Lee couldn’t believe his ears.  He jerked forward.  “Are you two totally nuts?” he thundered.  “A’ona Matua can’t go out there if Bomar’s goons have a gunboat!”  Lee groaned and promptly lost his dinner.   He felt cool hands pushing him back on his mat, someone wiping his hot face, and A’ona Matua’s soothing singsong voice.  Despite the horror of their plan and despite his own inability to do anything but be miserable, Lee tried to relax and listen. 

“This is not just to get you to your ship, Lee,” La’ani began, laying her hand on his chest and willing him to understand.  “We have all talked.  We cannot stay here.  A’ona Matua says she will not stay here.  The island is dead while Bomar and Mendon are here.  Most of the men in the village will no longer serve the Leader or his evil partner.”  She paused and Lee said nothing.  “So the real question is will your people take us as well as you?”

Lee only thought a brief moment.  “How many?”  But before anyone could say anything, he answered.  “It doesn’t matter.  As captain of the Seaview, I assure you that we’ll take any who seek asylum.” 

La’ani thought that would be the answer, but she felt her heart rejoice at Lee’s words.  Those listening nearby were whispering excitedly to one another.   “Thank you, Lee.  Now you rest.  Tomorrow morning will be hard. 

Lee nodded.   He suspected that La’ani had just understated things tremendously. 

“But A’ona Matua feels confident that if you follow her instructions, you will safely be back on your ship tomorrow.”

“Thank you,” murmured Lee wearily. 

“I do think, before you sleep, though, that you should look presentable to go back to your submarine,” La’ani said, remembering Lee as she first saw him.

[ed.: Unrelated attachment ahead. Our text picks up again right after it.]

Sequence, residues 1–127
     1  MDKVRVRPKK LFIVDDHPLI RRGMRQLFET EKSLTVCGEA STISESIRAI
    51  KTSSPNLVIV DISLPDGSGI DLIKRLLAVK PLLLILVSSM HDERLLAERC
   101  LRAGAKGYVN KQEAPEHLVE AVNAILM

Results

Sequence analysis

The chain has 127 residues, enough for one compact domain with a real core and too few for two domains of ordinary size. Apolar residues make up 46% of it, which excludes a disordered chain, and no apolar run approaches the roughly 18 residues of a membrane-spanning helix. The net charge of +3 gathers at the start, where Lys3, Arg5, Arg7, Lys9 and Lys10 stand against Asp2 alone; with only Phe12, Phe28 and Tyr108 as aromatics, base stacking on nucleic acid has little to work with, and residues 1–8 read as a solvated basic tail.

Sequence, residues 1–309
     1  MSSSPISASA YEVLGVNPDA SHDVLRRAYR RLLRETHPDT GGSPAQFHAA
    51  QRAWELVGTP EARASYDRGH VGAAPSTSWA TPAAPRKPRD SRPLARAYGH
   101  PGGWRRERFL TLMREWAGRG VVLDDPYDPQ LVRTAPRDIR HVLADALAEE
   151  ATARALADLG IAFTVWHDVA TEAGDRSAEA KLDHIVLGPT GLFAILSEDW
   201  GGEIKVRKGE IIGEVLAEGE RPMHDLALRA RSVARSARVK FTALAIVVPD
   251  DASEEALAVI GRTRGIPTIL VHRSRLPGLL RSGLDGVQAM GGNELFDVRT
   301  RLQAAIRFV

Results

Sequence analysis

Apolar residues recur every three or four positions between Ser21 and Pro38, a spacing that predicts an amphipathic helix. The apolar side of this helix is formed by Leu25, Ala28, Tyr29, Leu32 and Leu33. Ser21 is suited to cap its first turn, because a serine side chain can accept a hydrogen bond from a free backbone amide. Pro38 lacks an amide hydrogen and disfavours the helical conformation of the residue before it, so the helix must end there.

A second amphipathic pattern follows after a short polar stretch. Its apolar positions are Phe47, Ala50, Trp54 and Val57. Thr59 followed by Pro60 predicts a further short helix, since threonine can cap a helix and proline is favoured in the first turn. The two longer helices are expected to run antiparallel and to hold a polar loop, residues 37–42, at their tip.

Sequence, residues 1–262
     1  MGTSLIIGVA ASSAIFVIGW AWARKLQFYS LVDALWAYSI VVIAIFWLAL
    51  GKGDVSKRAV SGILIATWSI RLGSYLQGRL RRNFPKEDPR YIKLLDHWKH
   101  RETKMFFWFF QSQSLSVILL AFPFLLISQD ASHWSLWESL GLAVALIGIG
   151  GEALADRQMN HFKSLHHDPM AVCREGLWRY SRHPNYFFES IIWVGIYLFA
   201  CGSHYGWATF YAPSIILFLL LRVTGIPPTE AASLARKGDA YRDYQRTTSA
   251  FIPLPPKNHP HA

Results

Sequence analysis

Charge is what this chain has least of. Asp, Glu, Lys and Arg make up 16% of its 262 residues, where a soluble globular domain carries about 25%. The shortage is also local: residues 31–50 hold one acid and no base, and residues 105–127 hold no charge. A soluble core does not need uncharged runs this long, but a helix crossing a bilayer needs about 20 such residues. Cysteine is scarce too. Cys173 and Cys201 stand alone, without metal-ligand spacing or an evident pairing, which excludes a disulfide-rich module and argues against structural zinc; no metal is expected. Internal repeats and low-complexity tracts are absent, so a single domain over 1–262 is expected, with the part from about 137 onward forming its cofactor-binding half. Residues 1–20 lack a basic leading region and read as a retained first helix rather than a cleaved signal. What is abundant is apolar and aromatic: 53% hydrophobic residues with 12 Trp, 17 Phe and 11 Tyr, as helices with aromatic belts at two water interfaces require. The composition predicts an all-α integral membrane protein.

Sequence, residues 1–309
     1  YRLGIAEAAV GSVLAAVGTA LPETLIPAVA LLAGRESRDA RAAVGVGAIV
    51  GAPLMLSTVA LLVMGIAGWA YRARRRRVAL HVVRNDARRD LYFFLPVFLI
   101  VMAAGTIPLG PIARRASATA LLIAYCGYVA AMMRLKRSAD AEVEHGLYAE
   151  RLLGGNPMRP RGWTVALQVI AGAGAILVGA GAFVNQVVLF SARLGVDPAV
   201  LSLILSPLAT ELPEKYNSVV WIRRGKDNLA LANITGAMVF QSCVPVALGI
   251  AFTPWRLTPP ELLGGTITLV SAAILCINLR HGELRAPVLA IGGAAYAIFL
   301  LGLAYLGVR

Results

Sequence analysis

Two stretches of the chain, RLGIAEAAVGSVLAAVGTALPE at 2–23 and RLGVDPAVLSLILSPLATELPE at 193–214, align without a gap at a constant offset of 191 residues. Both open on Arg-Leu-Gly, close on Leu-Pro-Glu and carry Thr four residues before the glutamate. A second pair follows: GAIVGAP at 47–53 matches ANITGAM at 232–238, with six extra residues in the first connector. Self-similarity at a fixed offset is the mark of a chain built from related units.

“Huh?  You mean you have a uniform?” Lee asked, confused. 

La’ani giggled softly.  “No.  You do not wear beards on your Seaview, do you?”

“Oh, no, we don’t,” he replied.  “But you don’t have to do that.  The admiral will understand.”

“I took care of my father for three months after they had burned both of his hands beyond use,” she said softly.  “I want to do this for you.”

Lee couldn’t say anything for a while.  “I’m sorry, La’ani.  You have already done so much for me.”

“I remember shaving him every morning until he died,” she said, as though she hadn’t heard him.  “He insisted that he would not look the part of a broken man.  ‘If my body is destroyed, so be it.  No one can take my spirit from me,’” she quoted.  Tears sprang to her eyes as she remembered.

Lee felt a drop of water on his chest and then another.  Suddenly, he realized what it was and reached up and touched her cheek.  It was slick with tears.  He wiped them away as gently as his injured hand would allow.  “I’m so sorry that happened to you.  You are a very brave woman to continue to work in that nest of vermin after that,” Lee murmured. 

“No, Lee.  I was forced to,” she replied with a choking sob.  “And I am not brave!”

“The hell you aren’t!” Lee contended hotly.  “And this time, don’t contradict me.”

La’ani sniffed and turned away.  Soon she was next to his mat again and he felt her soft hands spreading lather on his beard and then gently shaving him with a straight razor.  It didn’t take her long, but as she was washing off the last of the lather, she bent down and kissed him on the cheek.  “Thank you, Lee.  I appreciate you saying that.”

“Only the truth,” he said softly and then yawned. 

“And I think you are a lot like my father.”

That was the last he remembered before falling into an exhausted but troubled sleep.  



Chapter 16
Foam on the Large Wave Prologue
Voyage to the Bottom of the Sea Contents